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In Bid to Resuscitate Paper, Cambodia Daily Owner Backtracks on Claim Tax Bill Was Politically Motivated


In this Sunday, Sept. 3, 2017, The first issue of The Cambodia Daily is seen at the newspaper's office, in Phnom Penh, Cambodia. When Cambodia’s main opposition leader was arrested over the weekend in a surprise police raid, one of this country’s last independent media outlets rushed reporters out in the middle of night to cover the story, just as it has done for nearly a quarter-century. But the English-language Cambodia’s Daily’s reportage about the arrest of Kem Sokha, who stands accused by the government of treason, was a tragic story in and of itself: It was on the front page of the paper’s final issue Monday, Sept. 4. (AP Photo/Heng Sinith)

The Daily closed on September 4 after more than 24 years amid a standoff with the country’s tax agency, which handed it a $6.3 million tax bill last month.

The founder of the Cambodia Daily newspaper, Bernard Krisher, and his daughter Deborah Krisher-Steele have appealed to Prime Minister Hun Sen in two separate letters for help to reopen the paper.

The Daily closed on September 4 after more than 24 years amid a standoff with the country’s tax agency, which handed it a $6.3 million tax bill last month.

The paper’s forced closure drew criticism from the international community and was seen as a further sign that the government is concerned about dissenting voices ahead of next year’s general election.

In a letter dated September 7, 86-year-old Krisher wrote that he would take responsibility for the alleged tax charges, asking Hun Sen to remove responsibility from his daughter, who took over the running of the newspaper in April.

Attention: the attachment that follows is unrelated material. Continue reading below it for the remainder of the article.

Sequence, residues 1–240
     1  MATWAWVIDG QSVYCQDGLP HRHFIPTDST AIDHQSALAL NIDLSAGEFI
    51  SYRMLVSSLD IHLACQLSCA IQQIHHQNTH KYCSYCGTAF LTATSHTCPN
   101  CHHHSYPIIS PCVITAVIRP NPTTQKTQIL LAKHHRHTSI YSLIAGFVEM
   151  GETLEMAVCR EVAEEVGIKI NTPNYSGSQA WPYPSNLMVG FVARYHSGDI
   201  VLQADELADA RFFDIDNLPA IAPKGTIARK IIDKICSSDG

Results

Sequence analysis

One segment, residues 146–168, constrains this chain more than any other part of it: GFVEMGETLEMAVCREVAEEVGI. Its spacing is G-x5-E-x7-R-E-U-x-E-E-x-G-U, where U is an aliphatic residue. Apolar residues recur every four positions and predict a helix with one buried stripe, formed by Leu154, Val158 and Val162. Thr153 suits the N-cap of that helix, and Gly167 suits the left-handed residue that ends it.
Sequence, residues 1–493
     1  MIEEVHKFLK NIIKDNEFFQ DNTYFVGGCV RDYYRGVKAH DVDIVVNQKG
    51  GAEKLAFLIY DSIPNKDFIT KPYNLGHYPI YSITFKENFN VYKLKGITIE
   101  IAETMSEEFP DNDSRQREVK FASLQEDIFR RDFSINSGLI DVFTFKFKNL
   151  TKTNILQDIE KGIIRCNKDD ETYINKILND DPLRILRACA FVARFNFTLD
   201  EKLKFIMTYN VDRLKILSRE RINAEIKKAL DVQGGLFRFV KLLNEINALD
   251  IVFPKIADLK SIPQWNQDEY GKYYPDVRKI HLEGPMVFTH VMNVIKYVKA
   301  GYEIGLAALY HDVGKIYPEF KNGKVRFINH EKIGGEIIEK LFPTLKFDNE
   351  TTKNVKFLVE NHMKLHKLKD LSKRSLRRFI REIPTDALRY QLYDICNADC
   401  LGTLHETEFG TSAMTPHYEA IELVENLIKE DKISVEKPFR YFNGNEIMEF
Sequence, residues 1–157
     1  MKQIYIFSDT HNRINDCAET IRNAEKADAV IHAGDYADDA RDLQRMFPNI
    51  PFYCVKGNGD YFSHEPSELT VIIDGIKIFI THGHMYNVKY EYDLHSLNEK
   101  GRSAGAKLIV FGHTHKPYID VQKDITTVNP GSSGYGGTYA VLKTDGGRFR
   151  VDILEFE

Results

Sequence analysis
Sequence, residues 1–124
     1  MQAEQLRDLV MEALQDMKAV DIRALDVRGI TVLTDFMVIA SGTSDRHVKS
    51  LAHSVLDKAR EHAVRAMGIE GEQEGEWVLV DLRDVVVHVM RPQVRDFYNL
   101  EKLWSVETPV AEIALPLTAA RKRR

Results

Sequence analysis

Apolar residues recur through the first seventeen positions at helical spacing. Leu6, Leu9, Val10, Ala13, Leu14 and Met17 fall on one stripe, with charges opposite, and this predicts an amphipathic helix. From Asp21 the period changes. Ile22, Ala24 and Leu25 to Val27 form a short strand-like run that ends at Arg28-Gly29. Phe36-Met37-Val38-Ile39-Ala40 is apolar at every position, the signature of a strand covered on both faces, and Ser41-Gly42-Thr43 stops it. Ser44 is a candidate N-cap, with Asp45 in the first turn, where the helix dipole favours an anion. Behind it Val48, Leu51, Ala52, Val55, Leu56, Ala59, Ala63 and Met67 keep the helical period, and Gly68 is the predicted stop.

The Cambodia Daily newspaper wraps up its operation after more than 24 years in Phnom Penh, Cambodia, September 4, 2017. (Hean Socheata/VOA Khmer)
The Cambodia Daily newspaper wraps up its operation after more than 24 years in Phnom Penh, Cambodia, September 4, 2017. (Hean Socheata/VOA Khmer)

“She has done everything correctly according to the law and has paid every dollar of VAT collected,” he said in the letter, referring to Krisher-Steele.

“I ask you to please allow me to take responsibility for The Cambodia Daily for the time it was under my ownership and not pass this responsibility onto my daughter. I am preparing to travel to Cambodia to save my daughter,” the letter continued.

He claimed that the Daily’s revenue came solely from his own personal savings and advertising and had never received any funds from NGOs or political organizations.

“I established the newspaper in 1993 to provide a high-quality news service to the Cambodian people and Samdech [Hun Sen] permitted us to publish very free even if you disagreed with me some of our stories,” he said.

In a separate letter circulated only in Khmer, dated September 9, Krisher-Steele wrote to Hun Sen saying she regretted “that there are comments going around in Cambodia and outside the country which link the closure of the Cambodia Daily to politics and accuse the government of trying to silence freedom of the press” -- the position the Daily, and Krisher-Steele, has held publicly since the tax bill was delivered in early August.

Douglas Steele, the Cambodia Daily's general manager, on his last day of work, Phnom Penh, Cambodia, September 4, 2017. (Khan Sokummono/VOA Khmer)
Douglas Steele, the Cambodia Daily's general manager, on his last day of work, Phnom Penh, Cambodia, September 4, 2017. (Khan Sokummono/VOA Khmer)

Phay Siphan, a government spokesman, said the letters would be ineffectual as the matter was the concern of the tax department, not the prime minister. “They [the Daily] should contact the tax department to find a solution over the tax payment,” he said.

Krisher Steele's letter was originally published by the Deum Ampil website, owned by Soy Sopheap, a pro-government “fixer” who attempted to mediate between the Daily and the government.

“We see the letter is written ... respecting the Cambodian leader and Cambodian law,” he said. “I think it’s on the right track but I don’t know if it will work.”

Krisher-Steele and her husband, Douglas Steele, were hit with a lawsuit for tax evasion and Steele, who was in Cambodia at the time, was told he could not leave the country until the charges were addressed.

In a separate complaint, Krisher-Steele was accused of defamation for claiming that the tax department violated the law by speaking publicly about the Daily’s tax debts.

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